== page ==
Thursday, August 30, 2007

A walk in the dark with Joyce Carol Oates

I became a fan of Joyce Carol Oates' short fiction in November 2003, when one of her stories appeared in the same issue of Ellery Queen's Mystery Magazine as one of mine. If you missed it, too bad. Though it pains me to say so, I guess I can now concede that her story was better.

But that's the reason I picked up The Museum of Dr. Moses, her latest collection of short stories, as soon as I saw it. That and the subtitle: Tales of Mystery and Suspense. As you may have guessed, I'm a sucker for just that sort of yarn.

Ms. Oates does not disappoint. With the exception of the almost upbeat opening piece, "Hi! Howya Doin!" (written as a single, very long sentence about a particularly annoying jogger), these are some dark, dread-filled stories that tend to linger long after you've read them. The creepiest thing about them is that they are so utterly believable. Oates has a firm grasp of what drives normal people to do abnormal things, and she is such a master of foreshadowing that those things loom as eerie shadows long before they become tangible. There are 10 tales here, the best of which might be the novella-length "The Man Who Fought Roland LaStarza."

I sometimes complain that nobody writes or publishes good short fiction any more. With The Museum of Dr. Moses, I'm happy to be proven wrong.

Wednesday, August 29, 2007

Say hello to the other Ben Kingsley

The other night I was still tossing and turning at 1:30 a.m., as is often the case, so I grabbed the remote. The chance of finding something decent to watch at that hour is right up there with winning it all at Powerball, but this time I got lucky: Sexy Beast was on one of the HBO channels.

This is the movie to watch if you always think of Gandhi whenever you think of Ben Kingsley. His performance here is nothing less than anti-Gandhi -- utterly crude, ruthless and intimidating. I don't know if he and costar Ray Winstone were friends off the set, but if they never spoke again I can understand why.

Winstone plays soft-in-the-middle ex-criminal "Gal" Dove, who is trying to enjoy his retirement in sunny Spain. Kingsley is the lean, lethal and certifiable Don Logan, who wishes to enlist Gal for a risky bank heist back in London. Let's just say Don is not the sort of man who takes no for an answer.

This is a great movie, with high tension throughout, but be warned that it's disturbing in so many ways you definitely won't want to watch it with the kids. As a late-night rental -- or a serendipitous cable choice -- Dave-Bob says check it out.

Tuesday, August 28, 2007

A little writing advice from Papa

As a younger man I was a great fan of Ernest Hemingway's early stories -- stuff like "The Three Day Blow" and "The Big Two-Hearted River." And like most young men who think about writing, I shamelessly aped his style in community-college writing classes, cobbling together a bunch of pointless stories that I never got around to finishing. Only later did I hear the old joke about American writers consisting of two groups: Those trying to write like Hemingway, and those trying not to.

I didn't worship Hemingway's longer works quite so much. In fact, the only ones I'd read until recently were A Farewell to Arms and The Old Man and the Sea. But with the upcoming Paris trip in mind, I decided to try A Moveable Feast. In case you haven't read it, it's a surprisingly sentimental memoir of Hemingway's life in Paris in the 1920s -- the exact time and place he was writing those short stories I used to admire.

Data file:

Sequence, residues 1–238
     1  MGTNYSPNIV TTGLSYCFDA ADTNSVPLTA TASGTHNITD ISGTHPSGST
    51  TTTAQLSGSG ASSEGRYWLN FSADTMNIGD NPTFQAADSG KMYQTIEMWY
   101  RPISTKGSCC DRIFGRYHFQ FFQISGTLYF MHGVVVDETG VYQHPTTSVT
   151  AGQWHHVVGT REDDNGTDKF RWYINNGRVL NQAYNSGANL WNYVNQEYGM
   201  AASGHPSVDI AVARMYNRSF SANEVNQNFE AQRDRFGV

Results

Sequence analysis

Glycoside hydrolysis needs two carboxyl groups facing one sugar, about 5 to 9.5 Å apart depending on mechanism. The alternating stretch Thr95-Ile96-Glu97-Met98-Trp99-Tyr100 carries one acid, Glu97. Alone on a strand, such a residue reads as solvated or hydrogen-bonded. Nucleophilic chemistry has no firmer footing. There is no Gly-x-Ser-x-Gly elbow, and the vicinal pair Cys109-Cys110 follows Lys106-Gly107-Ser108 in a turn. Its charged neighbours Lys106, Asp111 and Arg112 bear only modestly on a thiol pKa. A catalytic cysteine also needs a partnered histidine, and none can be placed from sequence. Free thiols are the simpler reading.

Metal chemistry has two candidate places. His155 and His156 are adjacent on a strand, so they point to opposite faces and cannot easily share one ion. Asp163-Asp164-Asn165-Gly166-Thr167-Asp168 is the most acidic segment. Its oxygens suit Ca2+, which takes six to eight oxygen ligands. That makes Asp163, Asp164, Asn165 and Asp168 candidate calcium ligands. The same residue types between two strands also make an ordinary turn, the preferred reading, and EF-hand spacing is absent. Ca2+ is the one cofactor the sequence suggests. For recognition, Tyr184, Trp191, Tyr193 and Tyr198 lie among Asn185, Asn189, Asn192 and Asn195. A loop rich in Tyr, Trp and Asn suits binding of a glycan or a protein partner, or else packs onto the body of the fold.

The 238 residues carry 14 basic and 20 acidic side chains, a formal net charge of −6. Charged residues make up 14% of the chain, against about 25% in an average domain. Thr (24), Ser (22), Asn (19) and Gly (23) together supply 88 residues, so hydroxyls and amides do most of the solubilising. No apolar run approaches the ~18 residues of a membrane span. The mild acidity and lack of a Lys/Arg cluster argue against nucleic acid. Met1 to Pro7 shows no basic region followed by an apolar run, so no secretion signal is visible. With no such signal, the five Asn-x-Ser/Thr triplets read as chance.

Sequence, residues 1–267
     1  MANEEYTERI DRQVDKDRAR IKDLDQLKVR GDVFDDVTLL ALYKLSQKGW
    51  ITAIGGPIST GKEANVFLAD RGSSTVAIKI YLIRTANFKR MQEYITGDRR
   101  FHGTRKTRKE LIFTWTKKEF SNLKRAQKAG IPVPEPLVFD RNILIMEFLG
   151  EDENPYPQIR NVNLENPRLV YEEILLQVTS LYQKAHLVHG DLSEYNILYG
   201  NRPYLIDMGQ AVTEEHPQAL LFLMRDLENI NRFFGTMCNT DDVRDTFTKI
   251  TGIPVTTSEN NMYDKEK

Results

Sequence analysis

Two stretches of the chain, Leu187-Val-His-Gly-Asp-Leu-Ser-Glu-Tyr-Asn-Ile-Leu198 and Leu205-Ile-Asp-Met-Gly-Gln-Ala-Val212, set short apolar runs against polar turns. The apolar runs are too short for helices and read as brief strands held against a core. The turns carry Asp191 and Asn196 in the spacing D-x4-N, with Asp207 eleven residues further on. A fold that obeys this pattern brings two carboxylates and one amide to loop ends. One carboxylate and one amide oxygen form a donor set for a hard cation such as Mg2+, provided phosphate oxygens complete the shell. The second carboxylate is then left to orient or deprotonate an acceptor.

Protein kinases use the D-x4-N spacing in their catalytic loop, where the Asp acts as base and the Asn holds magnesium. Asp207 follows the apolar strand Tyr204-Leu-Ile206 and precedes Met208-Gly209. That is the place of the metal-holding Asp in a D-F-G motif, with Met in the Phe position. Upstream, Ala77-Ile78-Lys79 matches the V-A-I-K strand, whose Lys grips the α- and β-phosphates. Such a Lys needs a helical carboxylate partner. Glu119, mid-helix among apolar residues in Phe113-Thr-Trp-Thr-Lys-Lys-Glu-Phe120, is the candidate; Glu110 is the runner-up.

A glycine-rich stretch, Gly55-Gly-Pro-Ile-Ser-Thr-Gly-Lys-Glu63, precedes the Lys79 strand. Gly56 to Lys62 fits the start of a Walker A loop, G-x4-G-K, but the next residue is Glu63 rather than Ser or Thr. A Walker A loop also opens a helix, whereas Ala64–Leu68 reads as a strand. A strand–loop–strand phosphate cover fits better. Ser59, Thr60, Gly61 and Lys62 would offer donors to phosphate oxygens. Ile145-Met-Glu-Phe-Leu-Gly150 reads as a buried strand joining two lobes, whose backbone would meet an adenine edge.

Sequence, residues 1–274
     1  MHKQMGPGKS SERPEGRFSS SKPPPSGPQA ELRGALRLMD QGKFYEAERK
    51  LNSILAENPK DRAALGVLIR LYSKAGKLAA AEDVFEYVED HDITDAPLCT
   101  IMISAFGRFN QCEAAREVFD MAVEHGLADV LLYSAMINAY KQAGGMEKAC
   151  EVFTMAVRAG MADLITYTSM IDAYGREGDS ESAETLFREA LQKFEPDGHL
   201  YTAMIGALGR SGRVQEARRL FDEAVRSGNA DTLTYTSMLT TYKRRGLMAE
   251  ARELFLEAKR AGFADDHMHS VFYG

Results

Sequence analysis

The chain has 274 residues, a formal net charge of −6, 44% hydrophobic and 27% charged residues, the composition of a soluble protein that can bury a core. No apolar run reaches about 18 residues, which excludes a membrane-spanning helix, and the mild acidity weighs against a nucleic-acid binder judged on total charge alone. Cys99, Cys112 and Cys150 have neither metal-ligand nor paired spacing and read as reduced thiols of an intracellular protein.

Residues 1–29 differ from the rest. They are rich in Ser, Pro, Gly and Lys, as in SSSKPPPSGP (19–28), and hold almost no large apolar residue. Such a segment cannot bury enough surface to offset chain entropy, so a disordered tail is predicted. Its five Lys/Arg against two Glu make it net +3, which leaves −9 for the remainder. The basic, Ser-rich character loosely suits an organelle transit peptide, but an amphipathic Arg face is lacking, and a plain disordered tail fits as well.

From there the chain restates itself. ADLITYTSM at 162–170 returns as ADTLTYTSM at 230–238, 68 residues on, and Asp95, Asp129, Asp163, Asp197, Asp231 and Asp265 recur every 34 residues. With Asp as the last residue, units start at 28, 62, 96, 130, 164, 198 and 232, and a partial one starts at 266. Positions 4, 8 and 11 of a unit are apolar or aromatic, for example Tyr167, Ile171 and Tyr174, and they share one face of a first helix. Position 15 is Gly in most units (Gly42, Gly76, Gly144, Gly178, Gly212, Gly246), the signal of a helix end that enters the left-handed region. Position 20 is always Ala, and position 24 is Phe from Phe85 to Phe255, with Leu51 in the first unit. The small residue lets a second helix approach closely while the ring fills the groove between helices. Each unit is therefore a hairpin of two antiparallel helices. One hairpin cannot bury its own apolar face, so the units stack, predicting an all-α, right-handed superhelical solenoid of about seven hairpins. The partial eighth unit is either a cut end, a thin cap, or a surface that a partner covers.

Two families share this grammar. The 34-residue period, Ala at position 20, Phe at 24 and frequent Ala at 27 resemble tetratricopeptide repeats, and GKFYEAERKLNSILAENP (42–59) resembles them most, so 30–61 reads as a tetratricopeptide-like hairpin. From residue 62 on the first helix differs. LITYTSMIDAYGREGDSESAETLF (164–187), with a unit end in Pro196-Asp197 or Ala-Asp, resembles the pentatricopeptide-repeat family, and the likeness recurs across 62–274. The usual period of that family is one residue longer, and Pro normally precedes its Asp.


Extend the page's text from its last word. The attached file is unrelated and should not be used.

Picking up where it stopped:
I picked it up for its descriptions of Paris, but A Moveable Feast also contains a lot about writing. For all his reputation as a drinker and brawler and all-around bon vivant, Hemingway was quite disciplined about his writing. Often it seemed to come easy to him, but he persisted even when it didn't. He didn't spend a lot of time waiting for inspiration:

"I would stand and look out over the roofs of Paris and think, 'Do not worry. You have always written before and you will write now. All you have to do is write one true sentence. Write the truest sentence that you know.' So finally I would write one true sentence and then go on from there."

At this late date, I don't know if I'd recognize a true sentence if I saw it. But trust Hemingway to reduce the problem to its essentials. There can be no paragraphs, or chapters or books without that first sentence. Probably a good idea to make it as honest as you can.

Sunday, August 26, 2007

Cartoon books in a cartoon world

Here's the kind of raucous good times you can have in Second Life: nothing like a few cartoon marionettes spazzing out on a pixelated dance floor that looks like it was rendered in Microsoft Paint sometime in 1995. Nice title, too (see link). They have virtual dances in Second Life, but they don't have virtual classes in remedial spelling.

Evidently they do have virtual bookstores, though. mentions one run by somebody named Coelacanth Seurat (that's another thing to hate about Second Life; everybody has names like Coelacanth Seurat. Why? If you can't spell "dancing," the word "Coelacanth" is not going to roll effortlessly off the keyboard either, is it?) Anyway, here's Coelacanth's take on selling virtual books in a virtual world: